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Yarmouth visitors leave with the wind


Swedish sailors live aboard their ketch year-round

YARMOUTH, N.S. —

It was 5 a.m. on Sunday, May 5, when S/V Muckle Flugga arrived in Yarmouth harbour in fog as thick as pea soup. 

Gustav Brax and Anna Zackariasson from Goteborg, Sweden, were “seeing” Canada for the first time.

Last July, the couple left Sweden aboard their 12-metre steel ketch and sailed to Scotland and Ireland, then south across the Bay of Biscay along the Spanish and Portuguese coast to the Madeira and Canary Islands, the Cabo Verde islands, then across the Atlantic to Barbados. Onward and northward - from Puerto Rico to Florida and up the U.S. east coast

From Florida to Georgia, the temperature dropped from 28 to three degrees Celsius.

“That was a bit of a shock,” said Brax.

Zackariasson was wrapped in a newly-purchased, thick cardigan the first day of her visit to Yarmouth, where they stocked up with provisions for their journey to Newfoundland, Iceland, Faro Islands, Norway and then home by late September.

Although Brax is employed as a master mariner, his time off is also spent at sea.

Zackariasson works with children in a kindergarten on a small island just outside Goteborg. The couple have lived on board their boat for close to two decades.

This is the fourth Muckle Flugga the couple has owned, one they’ve called home for 13 years. 

Brax says he bought it because it’s a strong boat, “very solid” and built to sail on the ocean. Although the vessel has a 100 HP Volvo penta engine, it’s only used from time-to-time, because they both “love to sail.”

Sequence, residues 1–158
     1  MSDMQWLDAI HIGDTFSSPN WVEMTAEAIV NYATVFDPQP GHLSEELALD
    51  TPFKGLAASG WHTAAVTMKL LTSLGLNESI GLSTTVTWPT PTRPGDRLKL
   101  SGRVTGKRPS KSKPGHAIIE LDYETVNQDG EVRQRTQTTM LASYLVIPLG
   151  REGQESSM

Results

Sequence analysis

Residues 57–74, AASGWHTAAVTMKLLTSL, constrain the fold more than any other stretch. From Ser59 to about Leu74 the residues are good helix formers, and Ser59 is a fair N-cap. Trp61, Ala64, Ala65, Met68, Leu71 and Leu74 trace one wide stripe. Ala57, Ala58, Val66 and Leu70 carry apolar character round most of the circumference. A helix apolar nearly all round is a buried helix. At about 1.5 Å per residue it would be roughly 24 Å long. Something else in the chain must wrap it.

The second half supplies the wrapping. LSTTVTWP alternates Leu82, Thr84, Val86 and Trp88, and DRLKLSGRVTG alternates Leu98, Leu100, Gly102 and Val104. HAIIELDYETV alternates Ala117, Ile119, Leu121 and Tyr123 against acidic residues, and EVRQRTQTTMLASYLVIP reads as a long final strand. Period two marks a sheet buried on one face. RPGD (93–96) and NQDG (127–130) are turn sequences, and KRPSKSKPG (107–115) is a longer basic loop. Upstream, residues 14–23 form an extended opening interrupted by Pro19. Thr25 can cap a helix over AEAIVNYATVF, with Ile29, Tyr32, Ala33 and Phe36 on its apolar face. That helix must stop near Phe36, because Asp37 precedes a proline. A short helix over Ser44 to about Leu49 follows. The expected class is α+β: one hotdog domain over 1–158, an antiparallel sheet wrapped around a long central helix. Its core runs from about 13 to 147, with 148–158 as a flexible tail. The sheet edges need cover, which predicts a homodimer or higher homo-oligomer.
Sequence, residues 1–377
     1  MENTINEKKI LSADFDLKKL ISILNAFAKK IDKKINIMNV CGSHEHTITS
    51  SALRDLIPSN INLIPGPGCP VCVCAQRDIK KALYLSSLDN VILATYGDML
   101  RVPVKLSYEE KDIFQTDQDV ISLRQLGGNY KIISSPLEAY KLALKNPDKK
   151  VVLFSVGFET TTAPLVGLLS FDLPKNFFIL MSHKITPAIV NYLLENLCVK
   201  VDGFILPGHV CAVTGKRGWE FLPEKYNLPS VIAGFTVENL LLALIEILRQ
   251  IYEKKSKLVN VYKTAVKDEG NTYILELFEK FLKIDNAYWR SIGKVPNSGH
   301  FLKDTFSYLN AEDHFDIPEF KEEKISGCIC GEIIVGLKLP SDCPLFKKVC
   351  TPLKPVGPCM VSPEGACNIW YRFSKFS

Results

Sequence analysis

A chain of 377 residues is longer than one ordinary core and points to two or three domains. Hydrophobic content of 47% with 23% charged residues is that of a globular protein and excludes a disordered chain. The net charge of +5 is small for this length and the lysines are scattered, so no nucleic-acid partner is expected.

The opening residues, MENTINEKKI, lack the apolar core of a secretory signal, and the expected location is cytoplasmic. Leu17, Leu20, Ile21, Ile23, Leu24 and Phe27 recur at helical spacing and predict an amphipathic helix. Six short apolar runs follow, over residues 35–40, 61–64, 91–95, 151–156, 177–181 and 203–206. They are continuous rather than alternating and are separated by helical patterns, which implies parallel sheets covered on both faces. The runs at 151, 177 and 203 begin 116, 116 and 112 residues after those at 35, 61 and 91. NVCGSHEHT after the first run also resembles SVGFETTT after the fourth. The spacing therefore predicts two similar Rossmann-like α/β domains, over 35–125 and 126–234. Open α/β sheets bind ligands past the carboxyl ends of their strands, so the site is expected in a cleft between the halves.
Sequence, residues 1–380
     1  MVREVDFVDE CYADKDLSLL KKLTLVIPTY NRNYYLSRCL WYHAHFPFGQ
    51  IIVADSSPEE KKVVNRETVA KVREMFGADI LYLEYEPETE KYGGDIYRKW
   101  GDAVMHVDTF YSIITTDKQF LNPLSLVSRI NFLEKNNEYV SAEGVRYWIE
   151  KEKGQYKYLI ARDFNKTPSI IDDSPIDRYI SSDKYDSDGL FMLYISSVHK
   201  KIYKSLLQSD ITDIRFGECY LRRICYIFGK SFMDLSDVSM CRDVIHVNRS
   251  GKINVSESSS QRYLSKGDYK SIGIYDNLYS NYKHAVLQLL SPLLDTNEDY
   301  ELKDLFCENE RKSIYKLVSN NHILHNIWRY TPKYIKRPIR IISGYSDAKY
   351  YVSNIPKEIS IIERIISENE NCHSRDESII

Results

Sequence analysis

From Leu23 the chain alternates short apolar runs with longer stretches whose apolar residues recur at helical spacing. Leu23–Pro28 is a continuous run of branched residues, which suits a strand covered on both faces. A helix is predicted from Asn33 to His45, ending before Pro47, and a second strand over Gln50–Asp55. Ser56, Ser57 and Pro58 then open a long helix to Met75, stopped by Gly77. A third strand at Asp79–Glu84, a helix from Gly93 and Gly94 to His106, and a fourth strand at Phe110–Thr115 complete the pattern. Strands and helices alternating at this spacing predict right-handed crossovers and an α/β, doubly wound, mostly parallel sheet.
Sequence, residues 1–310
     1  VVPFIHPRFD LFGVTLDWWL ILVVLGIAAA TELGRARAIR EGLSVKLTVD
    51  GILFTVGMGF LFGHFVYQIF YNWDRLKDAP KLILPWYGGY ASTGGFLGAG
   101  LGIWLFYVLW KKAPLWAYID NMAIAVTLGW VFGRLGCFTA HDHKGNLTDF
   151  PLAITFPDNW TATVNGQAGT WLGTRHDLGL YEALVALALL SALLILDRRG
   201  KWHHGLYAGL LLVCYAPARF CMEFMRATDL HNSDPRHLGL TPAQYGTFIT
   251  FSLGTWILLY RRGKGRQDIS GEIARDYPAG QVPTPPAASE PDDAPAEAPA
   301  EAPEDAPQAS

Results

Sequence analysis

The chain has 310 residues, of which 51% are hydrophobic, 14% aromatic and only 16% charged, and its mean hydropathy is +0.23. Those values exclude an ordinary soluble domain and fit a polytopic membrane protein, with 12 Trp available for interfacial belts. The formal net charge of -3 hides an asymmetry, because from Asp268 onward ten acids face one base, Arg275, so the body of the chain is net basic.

Brax named all four of his sailboats over the years Muckle Flugga, after a lighthouse in the Shetland Islands that he saw on a chart when he was 12.

“Muckle Flugga… that sounds interesting. I want to go there,” he thought at the time.

The name is from the Old Norse name Mikla Flugey, meaning "large steep-sided island.”

Now, a sail to the island is an annual tradition for the owners of its namesake.

As might be expected, there have been a few white-knuckle moments, including the time they hit a whale at night in the middle of the Atlantic.

“We heard a noise. Boom! It was a big whale but we knew that we had a strong boat with a long keel. We were not so afraid for the boat, actually, but we were concerned about the whale. It was quite frightening when it happened,” said Brax.

Zackariasson says crossing the Atlantic is also where they experienced their most wonderful memories.

“We sailed it over Christmas and we had our Christmas in the middle of the ocean. It took us two weeks to cross but they were fantastic weeks.”

Will they still be sailing in their 80s?

“Well, this is a lifestyle. It’s not something we do once in a lifetime. We love to work also. But from time to time it’s good to take time off and do something completely different,” said Brax.

On Wednesday morning there was a good wind blowing from the right direction for the voyage up the coast.

Muckle Flugga spread her sheets and was gone.

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